Analysis of the Culture Specific Items in the English Translations of Orhan Kemal’s Baba Evi, Avare Yillar and Cemile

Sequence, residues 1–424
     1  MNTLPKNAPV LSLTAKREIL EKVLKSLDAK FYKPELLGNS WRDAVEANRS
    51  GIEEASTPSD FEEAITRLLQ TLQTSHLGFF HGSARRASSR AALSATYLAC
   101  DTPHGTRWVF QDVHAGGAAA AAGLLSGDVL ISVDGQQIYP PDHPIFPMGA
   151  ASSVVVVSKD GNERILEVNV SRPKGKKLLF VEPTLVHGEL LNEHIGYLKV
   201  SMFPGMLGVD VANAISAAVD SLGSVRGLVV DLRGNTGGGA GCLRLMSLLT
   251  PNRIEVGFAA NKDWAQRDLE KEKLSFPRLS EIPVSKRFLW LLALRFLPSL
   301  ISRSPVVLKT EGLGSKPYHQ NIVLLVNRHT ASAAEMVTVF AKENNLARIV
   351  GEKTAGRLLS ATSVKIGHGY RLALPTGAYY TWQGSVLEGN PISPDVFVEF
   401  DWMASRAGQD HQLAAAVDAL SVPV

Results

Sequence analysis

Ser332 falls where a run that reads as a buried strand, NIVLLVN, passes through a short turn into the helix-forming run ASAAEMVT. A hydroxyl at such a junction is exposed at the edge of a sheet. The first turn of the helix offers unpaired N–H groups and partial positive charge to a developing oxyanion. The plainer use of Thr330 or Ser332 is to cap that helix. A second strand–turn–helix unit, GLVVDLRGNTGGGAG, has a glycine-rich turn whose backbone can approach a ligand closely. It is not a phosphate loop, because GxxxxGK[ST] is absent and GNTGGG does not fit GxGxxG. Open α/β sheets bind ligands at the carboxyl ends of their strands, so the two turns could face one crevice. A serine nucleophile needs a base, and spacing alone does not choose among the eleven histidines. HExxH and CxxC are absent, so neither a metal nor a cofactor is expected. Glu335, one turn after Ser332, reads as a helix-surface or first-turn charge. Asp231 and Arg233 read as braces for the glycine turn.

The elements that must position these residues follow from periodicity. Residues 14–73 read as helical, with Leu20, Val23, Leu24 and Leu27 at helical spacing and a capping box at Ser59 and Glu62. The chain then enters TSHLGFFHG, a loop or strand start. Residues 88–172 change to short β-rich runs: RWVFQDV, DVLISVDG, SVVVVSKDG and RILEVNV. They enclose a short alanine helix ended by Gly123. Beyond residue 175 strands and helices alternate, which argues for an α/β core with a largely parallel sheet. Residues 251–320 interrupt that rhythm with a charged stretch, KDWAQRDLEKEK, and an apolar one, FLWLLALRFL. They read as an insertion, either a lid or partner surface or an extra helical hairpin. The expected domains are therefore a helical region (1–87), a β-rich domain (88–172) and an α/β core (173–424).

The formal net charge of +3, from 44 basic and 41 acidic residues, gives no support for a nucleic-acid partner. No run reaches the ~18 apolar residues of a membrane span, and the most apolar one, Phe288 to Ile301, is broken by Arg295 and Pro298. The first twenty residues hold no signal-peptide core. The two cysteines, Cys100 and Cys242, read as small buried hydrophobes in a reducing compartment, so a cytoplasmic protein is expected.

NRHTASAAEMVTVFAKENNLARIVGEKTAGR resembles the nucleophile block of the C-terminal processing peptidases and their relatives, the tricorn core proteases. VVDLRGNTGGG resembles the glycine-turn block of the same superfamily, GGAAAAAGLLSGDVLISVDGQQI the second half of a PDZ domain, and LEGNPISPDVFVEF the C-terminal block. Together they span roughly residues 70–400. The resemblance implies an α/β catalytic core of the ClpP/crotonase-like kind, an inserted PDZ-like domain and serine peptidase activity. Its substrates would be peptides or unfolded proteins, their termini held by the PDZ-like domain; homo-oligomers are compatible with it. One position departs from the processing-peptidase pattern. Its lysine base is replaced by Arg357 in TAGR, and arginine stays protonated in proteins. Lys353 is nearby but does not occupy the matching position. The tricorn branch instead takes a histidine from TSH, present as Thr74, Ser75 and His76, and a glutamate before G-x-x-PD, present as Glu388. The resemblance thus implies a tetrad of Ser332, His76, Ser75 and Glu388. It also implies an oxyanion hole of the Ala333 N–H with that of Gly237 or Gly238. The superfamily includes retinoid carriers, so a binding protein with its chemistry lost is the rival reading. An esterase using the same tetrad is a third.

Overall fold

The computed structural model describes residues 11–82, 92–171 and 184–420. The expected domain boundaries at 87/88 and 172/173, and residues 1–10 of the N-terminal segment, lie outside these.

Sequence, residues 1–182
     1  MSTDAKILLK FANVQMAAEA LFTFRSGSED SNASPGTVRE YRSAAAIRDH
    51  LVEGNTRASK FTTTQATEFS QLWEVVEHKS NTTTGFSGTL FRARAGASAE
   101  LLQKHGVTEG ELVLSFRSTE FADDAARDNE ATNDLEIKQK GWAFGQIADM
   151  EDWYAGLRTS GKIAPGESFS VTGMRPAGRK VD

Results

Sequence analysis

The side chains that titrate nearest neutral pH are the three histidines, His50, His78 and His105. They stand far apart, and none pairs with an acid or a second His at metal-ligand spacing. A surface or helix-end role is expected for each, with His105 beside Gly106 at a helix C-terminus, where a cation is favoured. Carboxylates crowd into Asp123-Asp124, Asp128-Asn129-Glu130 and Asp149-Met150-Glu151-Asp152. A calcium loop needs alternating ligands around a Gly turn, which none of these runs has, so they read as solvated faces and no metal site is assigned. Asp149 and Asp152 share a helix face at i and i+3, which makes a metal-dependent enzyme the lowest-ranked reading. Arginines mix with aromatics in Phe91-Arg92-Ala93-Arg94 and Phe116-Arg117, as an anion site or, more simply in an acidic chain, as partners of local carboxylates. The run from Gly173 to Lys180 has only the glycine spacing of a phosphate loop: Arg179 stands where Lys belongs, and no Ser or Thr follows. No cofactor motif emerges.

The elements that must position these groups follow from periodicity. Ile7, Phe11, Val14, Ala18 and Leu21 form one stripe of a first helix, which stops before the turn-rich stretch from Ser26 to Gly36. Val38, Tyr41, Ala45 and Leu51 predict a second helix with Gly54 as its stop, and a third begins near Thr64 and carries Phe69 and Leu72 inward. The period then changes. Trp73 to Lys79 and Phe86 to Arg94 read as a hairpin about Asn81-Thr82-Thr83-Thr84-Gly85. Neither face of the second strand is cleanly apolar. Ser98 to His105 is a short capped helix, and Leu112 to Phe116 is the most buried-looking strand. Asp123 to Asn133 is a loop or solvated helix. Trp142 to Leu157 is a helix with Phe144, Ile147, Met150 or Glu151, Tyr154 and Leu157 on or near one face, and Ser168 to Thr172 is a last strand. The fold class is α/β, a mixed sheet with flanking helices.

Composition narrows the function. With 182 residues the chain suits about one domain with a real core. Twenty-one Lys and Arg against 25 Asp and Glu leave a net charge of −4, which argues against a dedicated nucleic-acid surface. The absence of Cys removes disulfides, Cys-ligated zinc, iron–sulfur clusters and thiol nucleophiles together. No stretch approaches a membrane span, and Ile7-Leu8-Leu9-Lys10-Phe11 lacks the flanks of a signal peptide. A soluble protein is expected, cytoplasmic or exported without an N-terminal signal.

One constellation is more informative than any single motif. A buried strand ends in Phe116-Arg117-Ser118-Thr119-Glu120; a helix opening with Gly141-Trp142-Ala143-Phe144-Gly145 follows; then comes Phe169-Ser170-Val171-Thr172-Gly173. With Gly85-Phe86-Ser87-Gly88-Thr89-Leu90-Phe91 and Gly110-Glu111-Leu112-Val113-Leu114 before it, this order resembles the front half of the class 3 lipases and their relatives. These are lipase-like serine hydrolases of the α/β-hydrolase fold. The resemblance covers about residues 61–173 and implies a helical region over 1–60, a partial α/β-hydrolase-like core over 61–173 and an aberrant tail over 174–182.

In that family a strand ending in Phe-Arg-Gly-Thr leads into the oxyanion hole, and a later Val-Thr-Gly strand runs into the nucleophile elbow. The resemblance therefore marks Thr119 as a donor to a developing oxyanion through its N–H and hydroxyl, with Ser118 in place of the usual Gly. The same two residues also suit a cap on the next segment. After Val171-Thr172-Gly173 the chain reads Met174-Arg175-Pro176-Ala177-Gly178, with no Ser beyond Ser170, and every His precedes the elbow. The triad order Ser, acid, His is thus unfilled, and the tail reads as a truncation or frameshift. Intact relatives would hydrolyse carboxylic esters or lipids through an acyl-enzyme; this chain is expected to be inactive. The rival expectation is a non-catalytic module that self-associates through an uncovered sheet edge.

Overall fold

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Culture is an indispensable component of literature and language. Literary works are the pieces which are full of culture related elements and reflect a society’s cultural assets. Since a language itself is a cultural phenomenon, culture specific items are inevitable elements of literary works written in this language within a specific context or society. The fact that translation is a channel of communication between two different languages, societies, readerships, in other words, two different cultures brings about some difficulties for the translators. The focal point of an analysis from a culture specific perspective is to shed light on the difficulties occurring within the translation procedure of CSIs and choices made by the translators to deal with the cultural differences between the source and the target readership. In this study, the English translations of works of one of the canonical authors of Turkish literature, Orhan Kemal, will be analyzed within the scope of CSIs in translation. To this end culture specific items in the English translations of the three works, Baba Evi, Avare Yıllar and Cemile are scrutinized within the light of the translation strategies for culture specific items proposed by Javier Franco Aixelá (1996). Besides Aixelá’s strategies which are used as the microstrategies of the analysis, Lawrence Venuti’s (1995) concepts of domestication and foreignization are used as macrostrategies of this study. The dominant approach of the translator, i.e. domestication or foreignization, to the translation CSIs within Orhan Kemal’s Baba Evi, Avare Yıllar and Cemile are scrutinized. As a result of an in-depth case study, it has been found out that the dominant approach adopted by the translator is domestication. The extent of the use of domestication is higher than the foreignization approach. Furthermore, the possible reason behind the translator’s choices is seen as the cultural gap between thre ST and TT cultures and the incomprehensibility of the CSIs complicating the translation process and understandability of the CSI within the TT readers’ context.